From the Gloves to the Bloodied Clothes, What Happened to Evidence in O.J. Simpson's Trial?

INSIDE EDITION looks back at what happened to the evidence from "The Trial of the Century."

Whatever became of the gloves from the O.J. Simpson trial? And Nicole Brown’s home? As FX’s wildly popular miniseries The People Vs. O.J. Simpson: American Crime Story brings ‘The Trial of the Century’ back into the spotlight 21 years later, INSIDE EDITION asks where key pieces of evidence are kept today.

Read: O.J. Simpson's Trial: Where Are They Now?

Nicole Brown Simpson’s Brentwood Condo

Just after midnight on June 13, 1994, the bodies of O.J. Simpson’s ex-wife, Nicole Brown Simpson, and her friend, Ronald Goldman, were found outside her condo in Brentwood, California.

As the world watched the investigation unfold, her residence became ground zero for paparazzi, fans and tourists. Nicole purchased the condo in January 1994, just five months before her death, for $625,000, according to

In 1996, after the property was on the market for two years, it was sold by the Brown family for $525,000. The home was remodeled and it sold again in 2006 for $1.72 million.

While the home’s address has changed, tourists still flock there for photos.

The White Bronco

In the June 1994 low-speed chase with police, O.J. Simpson sat in the back seat of a white Ford Bronco while his friend Al “AC” Cowlings drove them. Audio revealed Simpson speaking to police and threatening to shoot himself dead as he sat in the car.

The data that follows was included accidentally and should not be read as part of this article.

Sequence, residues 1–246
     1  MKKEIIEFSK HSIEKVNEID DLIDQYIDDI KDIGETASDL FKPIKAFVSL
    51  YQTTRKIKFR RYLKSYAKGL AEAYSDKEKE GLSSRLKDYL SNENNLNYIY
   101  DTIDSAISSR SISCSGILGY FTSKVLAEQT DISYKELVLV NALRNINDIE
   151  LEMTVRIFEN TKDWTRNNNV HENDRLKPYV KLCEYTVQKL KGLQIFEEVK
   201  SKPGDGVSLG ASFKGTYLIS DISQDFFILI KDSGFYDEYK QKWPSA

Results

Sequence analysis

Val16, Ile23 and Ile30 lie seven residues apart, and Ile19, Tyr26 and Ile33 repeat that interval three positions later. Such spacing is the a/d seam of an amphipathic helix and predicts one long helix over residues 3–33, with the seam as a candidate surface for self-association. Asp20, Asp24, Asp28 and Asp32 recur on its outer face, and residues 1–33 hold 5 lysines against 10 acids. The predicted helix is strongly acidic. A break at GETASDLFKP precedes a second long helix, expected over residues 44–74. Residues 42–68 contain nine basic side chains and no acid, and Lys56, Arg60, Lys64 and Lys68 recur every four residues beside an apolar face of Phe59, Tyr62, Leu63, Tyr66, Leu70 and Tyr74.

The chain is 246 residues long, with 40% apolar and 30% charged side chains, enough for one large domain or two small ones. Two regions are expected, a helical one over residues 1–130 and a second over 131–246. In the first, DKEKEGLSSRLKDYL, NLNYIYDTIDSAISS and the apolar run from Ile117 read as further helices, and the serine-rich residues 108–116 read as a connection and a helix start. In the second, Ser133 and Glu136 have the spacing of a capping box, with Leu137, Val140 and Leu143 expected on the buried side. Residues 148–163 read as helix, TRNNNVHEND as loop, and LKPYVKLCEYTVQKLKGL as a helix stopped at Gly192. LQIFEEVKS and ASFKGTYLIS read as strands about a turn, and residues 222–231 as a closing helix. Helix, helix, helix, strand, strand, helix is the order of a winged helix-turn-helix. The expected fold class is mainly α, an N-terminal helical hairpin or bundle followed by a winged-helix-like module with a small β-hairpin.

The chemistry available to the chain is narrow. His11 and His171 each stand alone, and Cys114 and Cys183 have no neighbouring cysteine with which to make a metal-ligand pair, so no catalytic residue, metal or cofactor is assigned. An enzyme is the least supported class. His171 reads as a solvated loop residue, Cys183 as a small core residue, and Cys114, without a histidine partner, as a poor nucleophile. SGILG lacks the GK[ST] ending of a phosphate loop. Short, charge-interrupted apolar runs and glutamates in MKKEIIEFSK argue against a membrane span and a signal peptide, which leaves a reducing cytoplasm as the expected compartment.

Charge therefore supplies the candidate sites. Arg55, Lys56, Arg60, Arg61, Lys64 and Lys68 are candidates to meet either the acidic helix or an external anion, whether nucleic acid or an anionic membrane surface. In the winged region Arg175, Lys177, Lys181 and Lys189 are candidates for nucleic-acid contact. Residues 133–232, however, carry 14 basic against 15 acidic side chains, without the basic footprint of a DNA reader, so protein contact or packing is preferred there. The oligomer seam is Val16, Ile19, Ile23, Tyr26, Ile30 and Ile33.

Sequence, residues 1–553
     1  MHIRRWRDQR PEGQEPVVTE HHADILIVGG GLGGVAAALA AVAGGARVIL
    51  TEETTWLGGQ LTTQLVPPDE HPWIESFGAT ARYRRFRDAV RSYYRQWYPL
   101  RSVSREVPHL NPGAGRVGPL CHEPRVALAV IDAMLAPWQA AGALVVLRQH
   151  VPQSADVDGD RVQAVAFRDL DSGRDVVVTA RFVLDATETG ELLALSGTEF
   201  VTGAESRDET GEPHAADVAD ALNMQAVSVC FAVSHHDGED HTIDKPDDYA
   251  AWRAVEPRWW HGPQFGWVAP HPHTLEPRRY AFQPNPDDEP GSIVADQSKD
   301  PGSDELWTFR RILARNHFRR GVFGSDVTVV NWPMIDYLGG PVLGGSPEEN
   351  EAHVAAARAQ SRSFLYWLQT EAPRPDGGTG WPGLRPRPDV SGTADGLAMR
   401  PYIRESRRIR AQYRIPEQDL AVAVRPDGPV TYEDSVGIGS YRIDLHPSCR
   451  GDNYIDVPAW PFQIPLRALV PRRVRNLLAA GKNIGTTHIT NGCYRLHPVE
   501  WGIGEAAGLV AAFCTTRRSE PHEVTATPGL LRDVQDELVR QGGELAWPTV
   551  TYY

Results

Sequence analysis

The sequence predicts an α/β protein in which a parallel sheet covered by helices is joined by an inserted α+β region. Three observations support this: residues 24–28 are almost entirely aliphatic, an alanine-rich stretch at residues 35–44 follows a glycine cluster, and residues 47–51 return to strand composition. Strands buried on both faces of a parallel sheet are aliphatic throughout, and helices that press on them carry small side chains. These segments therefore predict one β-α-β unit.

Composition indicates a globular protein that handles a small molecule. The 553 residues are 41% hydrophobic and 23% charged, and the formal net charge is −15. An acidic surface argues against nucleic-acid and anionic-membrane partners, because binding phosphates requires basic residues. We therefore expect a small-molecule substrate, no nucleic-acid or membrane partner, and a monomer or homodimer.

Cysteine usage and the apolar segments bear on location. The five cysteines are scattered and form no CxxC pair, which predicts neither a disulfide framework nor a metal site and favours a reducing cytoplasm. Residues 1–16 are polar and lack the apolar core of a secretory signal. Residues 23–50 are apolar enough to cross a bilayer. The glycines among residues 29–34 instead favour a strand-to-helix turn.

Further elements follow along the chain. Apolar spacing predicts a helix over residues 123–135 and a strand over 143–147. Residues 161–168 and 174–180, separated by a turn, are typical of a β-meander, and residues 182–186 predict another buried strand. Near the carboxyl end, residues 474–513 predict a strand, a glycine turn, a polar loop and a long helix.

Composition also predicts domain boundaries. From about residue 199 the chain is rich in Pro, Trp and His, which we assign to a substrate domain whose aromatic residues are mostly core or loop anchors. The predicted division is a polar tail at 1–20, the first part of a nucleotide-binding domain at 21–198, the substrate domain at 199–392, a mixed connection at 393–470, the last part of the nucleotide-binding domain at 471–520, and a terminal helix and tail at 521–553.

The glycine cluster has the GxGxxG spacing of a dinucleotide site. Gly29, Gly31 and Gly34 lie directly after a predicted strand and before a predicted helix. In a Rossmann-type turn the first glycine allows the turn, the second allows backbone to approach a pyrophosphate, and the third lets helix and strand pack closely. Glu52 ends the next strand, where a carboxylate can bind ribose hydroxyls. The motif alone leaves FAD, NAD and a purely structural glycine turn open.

Read: Owner of O.J. Simpson's White Bronco: I've Been Offered $300,000 For It

More than 20 years later, INSIDE EDITION tracked down the vehicle. Earlier this month, IE discovered that the car is now owned by Mike Gilbert, who was Simpson’s agent at the time of the murders. He keeps it beneath a tarp in his California home, 200 miles from L.A.

“It brings back memories of a different time,” Gilbert said. “It’s part of American history.”

He said he’s been offered $300,000 for the SUV but will not sell it. Instead it will go to a crime museum in Tennessee.

O.J. Simpson’s Mansion

Following the slow-speed Bronco chase, Simpson was taken to his home and arrested. He bought the 6,200-square-foot mansion, which had a waterfall, tennis court, pool and guest house, in 1977 for $650,000and lived there for 20 years.

In 1997, the property was bought by Kenneth Abdalla, an investment banker and president of the Jerry’s Famous Deli chain, for nearly $ 4 million. It was later demolished.

That year, Simpson told the Chicago Tribune: "I am a sentimental guy. But there's things you've got to compartmentalize. You take them and file them away. I've always tried to live my life forward and not backward."

The Bloody Gloves and Knit Hat

During the murder trial, detective Mark Fuhrman claimed that he found a bloody glove at Simpson’s residence. Simpson also allegedly wore a knit hat the night of the double murders.

In court, Simpson was asked to put on the gloves. When he did, they did not fit his hands.